Nunslinger, penned by Stark Holborn, has been the best combination of contemporary and classic publishing: a terrific novel from a major publisher, but published as a series of serialised ebook adventures. Perhaps best of all, Nunslinger is a classic Western—no Weirdest, no Lovecraftian horrors, no post-apocalyptic metaphors—just a nun, some guns, and all the adventure that the 1860s had to offer. On December 5th, a year from our first introduction to Sister Thomas Josephine and her penchant for mayhem, Nunslinger is finally coming out as a single volume.
One of the great mysteries is the identity of Stark Holborn—the garrulous pseudonym selected by Nunslinger’s author. To celebrate the final instalment in this fantastic Western, Holborn agreed to grant an interview.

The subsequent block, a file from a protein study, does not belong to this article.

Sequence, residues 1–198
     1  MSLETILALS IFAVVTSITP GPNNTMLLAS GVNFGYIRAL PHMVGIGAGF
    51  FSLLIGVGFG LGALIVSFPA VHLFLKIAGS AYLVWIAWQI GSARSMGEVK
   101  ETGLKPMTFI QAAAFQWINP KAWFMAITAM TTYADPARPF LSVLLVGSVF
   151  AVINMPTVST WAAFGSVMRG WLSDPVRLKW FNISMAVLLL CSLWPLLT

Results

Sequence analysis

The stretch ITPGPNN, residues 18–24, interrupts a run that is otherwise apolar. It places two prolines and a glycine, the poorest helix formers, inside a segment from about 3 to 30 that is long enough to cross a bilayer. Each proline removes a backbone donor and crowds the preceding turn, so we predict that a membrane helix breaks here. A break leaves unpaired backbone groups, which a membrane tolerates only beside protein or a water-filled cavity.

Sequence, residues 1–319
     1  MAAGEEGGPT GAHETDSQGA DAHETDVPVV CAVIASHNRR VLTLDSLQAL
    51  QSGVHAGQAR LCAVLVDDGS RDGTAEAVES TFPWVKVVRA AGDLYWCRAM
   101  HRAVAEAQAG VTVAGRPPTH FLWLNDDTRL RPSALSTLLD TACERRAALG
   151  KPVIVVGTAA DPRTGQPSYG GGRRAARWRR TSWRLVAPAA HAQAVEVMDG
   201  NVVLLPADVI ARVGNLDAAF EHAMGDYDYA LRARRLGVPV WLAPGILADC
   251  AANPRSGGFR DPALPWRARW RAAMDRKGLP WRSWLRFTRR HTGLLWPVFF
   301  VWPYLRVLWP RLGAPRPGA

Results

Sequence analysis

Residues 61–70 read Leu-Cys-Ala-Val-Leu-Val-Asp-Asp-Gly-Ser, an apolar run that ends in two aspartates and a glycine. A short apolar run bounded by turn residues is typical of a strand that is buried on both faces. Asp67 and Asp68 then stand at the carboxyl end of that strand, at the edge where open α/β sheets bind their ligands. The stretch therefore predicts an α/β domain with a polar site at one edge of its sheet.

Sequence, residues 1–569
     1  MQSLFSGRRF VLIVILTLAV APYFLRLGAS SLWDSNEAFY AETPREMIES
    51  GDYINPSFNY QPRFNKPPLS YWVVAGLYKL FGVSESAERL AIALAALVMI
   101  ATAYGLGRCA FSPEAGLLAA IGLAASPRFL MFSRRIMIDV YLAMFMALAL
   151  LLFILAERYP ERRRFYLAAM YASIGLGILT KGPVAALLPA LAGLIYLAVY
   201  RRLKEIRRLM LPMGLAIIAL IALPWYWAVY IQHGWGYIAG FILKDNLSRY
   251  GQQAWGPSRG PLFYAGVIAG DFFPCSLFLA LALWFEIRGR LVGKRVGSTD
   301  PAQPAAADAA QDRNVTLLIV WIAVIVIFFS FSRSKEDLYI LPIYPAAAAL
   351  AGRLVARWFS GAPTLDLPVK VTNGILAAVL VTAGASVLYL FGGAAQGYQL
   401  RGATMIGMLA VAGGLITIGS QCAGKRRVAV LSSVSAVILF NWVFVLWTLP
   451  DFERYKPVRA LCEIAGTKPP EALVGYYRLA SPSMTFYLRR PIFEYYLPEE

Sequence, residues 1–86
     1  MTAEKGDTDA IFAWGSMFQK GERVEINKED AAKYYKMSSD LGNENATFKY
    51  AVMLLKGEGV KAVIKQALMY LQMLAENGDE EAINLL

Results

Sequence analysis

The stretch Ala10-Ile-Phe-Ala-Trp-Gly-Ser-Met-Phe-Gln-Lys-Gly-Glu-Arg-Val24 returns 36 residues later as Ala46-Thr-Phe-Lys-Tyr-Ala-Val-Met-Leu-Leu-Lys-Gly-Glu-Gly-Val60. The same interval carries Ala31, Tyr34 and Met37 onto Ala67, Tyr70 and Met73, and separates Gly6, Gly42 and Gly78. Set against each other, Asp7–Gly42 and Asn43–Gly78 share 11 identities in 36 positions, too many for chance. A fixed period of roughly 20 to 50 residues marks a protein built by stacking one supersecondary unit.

What prompted the idea of writing a good ol’ fashioned Western?
If you had told me five years ago that I would end up writing Westerns, let alone a huge, sprawling traditional Western, I would’ve probably thought that you were cracked, or joking or both. As you might guess from the title, the idea for the story and the genre it belonged to went hand-in-hand; Sister TJ appeared, and I followed, deep into the murky depths of the Western…
Given it has been over 150 years since the height of the Wild West, what is it about this particular genre that has such a lingering appeal?
Well now, that question could start a bar brawl… I reckon it’s because the Western is something of a mongrel, made up of the best parts of other genres.